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City council sends edible THC issue to Public Safety Advisory Committee

Hastings will consider regulating, licensing sales

By John McLoone

What should the City of Hastings do about nowlegal edible cannabinoids?

The state passed a law earlier this summer allowing lowTHC edibles for sale to adults in Minnesota, with many lawmakers believing it to be a first step toward broad marijuana legalization in the future.

The new law allows adults 21 years and older to possess and consume the cannabinoid edibles that contain up to five milligrams of THC per serving, with a maximum of 50 milligrams THC per package.

Hastings City Attorney Korine Land referred to the THC edibles that are legal now as “marijuana 3.2,” in reference to lower alcohol beer allowed to be sold in gas stations in Minnesota.

The Hastings City Council voted last Monday night, Aug. 1, to send the edible

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The City of Hastings will seek to regulate the sale of edible cannabinoids. The City Council sent the issue to the Public Safety Advisory Committee last week. Photo by Bruce Karnick cannabinoid issue to the city’s citizencomprised Public Safety Advisory Committee to discuss restrictions that will be put on the sale of the product in the city. The vote was 43 to enlist that committee help, with those opposed expressing the opinion that the timeliness of the issue should have dictated that the policy discussion should be initiated at the city council’s Public Safety Committee.

The Public Safety Advisory Committee is comprised of Bryon Ascherman, Theresa Auge, Victoria Baukol, Melissa Blackstad, Delores Pemble, Jesse Starkson and Gary Stevens.

Wietecha said the edible THC product is available for sale now in many communities, and some are enacting ordinances or moratoriums on sales of it.

“A number of our neighboring cities are looking at various means that they might regulate such sales, some of it through zoning, some of it through licensing. Some of our neighboring cities are taking a wait and see approach,” said Wietecha. “Others are saying this is legal and should be allowed. It’s a matter for city council. Are you interested in some sort of regulation here in Hastings or at least interested in looking at it?”

Land said she’s been following the issue closely.

“I’ve been tracking all of the marijuana legislation since 2014,” she said. “I knew this is where we’d land. I didn’t know it would be marijuana 3.2, but that’s where we are. That was a sneaky move by the legislature. And yes, that’s an editorial message. Here we are stuck with a law that has no regulations around it.”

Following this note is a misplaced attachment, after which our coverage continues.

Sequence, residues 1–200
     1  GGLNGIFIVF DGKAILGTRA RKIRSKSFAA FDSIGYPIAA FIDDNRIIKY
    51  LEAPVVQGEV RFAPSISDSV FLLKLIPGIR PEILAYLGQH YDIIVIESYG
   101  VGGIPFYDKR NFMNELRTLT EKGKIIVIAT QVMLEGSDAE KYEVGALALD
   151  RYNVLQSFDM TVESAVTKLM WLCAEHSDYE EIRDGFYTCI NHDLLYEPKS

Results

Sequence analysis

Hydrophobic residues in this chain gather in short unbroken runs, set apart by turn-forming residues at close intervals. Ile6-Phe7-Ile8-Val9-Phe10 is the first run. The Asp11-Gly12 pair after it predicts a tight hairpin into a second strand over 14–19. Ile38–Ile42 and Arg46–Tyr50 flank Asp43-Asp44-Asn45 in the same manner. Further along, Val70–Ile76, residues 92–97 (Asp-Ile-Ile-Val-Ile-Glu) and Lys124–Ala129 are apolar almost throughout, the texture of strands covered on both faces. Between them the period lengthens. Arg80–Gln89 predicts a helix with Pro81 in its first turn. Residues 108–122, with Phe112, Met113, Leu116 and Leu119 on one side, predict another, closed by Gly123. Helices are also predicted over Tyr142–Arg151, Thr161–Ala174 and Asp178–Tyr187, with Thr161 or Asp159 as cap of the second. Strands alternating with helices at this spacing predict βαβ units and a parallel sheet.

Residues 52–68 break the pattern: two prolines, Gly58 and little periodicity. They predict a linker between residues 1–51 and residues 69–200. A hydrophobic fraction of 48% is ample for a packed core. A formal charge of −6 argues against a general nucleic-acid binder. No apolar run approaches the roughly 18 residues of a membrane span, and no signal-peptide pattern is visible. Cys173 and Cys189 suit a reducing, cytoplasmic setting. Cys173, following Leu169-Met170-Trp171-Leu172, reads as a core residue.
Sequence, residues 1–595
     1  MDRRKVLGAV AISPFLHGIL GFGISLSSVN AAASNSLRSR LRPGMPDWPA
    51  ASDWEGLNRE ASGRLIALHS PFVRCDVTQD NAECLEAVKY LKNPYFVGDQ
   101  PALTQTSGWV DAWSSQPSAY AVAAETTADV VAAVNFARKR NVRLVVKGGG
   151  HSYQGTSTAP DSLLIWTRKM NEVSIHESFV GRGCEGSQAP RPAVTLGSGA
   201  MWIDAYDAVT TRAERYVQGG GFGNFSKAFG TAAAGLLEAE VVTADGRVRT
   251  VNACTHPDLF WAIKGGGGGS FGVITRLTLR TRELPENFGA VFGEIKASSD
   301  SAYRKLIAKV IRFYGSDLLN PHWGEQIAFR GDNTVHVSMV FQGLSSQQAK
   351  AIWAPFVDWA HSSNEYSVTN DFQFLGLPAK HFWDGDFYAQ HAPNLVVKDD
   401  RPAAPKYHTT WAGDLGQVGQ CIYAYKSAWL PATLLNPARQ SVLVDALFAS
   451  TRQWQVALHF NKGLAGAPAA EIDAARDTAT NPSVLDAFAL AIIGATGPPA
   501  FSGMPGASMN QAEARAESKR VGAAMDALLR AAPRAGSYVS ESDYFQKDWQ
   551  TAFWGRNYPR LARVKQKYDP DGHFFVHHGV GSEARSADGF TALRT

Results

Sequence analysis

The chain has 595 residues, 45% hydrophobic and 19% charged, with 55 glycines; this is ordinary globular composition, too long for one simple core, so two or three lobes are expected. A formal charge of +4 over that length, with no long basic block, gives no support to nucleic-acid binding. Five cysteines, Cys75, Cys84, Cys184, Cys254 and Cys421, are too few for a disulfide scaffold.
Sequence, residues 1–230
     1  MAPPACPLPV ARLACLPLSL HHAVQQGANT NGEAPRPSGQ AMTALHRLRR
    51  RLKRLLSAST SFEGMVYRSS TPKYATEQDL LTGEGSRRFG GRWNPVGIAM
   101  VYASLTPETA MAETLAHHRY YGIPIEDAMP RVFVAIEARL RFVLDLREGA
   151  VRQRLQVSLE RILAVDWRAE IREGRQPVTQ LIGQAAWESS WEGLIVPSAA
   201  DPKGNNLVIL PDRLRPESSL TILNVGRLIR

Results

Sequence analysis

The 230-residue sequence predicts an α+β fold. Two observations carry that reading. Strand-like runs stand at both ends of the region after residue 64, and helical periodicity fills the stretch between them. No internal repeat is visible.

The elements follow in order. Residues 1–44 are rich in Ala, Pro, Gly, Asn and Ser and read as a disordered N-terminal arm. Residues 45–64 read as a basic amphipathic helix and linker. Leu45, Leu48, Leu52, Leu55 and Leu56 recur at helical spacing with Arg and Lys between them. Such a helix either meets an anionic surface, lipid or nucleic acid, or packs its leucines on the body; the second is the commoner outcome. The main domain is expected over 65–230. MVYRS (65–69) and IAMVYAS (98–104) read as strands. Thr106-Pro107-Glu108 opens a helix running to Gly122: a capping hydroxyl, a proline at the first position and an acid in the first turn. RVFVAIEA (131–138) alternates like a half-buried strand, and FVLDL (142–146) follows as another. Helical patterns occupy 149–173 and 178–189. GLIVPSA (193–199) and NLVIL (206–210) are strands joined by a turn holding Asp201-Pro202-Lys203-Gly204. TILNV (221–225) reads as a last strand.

Land will put together a memo for the city on things that should be considered in looking at the issue.

Councilmembers all agreed the matter needs to be reviewed and policies put in place.

“Do we want to treat it like a tobacco license, or alcohol license? It is an intoxicating substance. I would be in favor of us licensing it to some degree,” said Tina Folch.

She also advocated looking to see if the city could derive any revenue from sale of the product.

“That’s something we should be looking at, if there was a license fee,” she said. “Money could be used to support the police department since it will fall upon them for having to do enforcement.”

She said the League of Minnesota Cities is also looking into whether cities could put a tax on the sale of the THC products.

Folch also pointed out that as THC products become legal and as nearby states legalize sale of marijuana in other forms, the city may have to look at its employment requirements.

“When we do drug testing, would we want to exclude marijuana from being a preemployment screening device for nonDOT related positions? That’s something we should be looking at since there are so many places marijuana is legal.” Trevor Lund brought up sending it to the Public Safety Advisory Commission.

“Would this be a good use of our Public Safety Commission to do a first pass of discussion? It probably would be a great opportunity for that group to be involved,” he said.

Said Lori Braucks, “I think this is a good process Councilmember Lund has suggested. The Public Safety Advisory Committee is looking for things to do like this.”

Mark Vaughan agreed. “I support the commission. I think that’s the best place to put it. We get some true community feedback on this,” he said. “I’m a little disappointed we have a state law that comes down and what’s the regulation? It seems like we’re chasing this. It makes us look absolutely horrible. For us to talk about putting a tax on someone or something. They’re selling a legal product that’s already approved. I hope the commission takes that into consideration. “

Jen Fox expressed the opinion that the matter should start with the city council’s Public Safety Committee.

“We are the body that works on policy and creates policy,” she said. “I think we need to get our hooks into it maybe first, committee not commission.”

Lisa Leifeld agreed. “I would have to vote against this particular motion. I think it should go there (the commission), but I do believe there should be a conversation with council committee first,” she said.

“I do know the states (where marijuana is legal) make an awful lot of money on this. The way it’s set up right now, what are the communities getting? Are we getting anything additional? That’s the conversation that needs to be had,” said Leifeld. “We need to meet as a committee to corral it a bit. Let’s figure out which direction do we want to go? Let’s get down the things she’s (Attorney Land) seeing other communities doing. Let’s make money. Let’s make sure we can control it. Let’s make sure we’re doing all the things we need to do to make sure our community is safe.”

August 10, 2022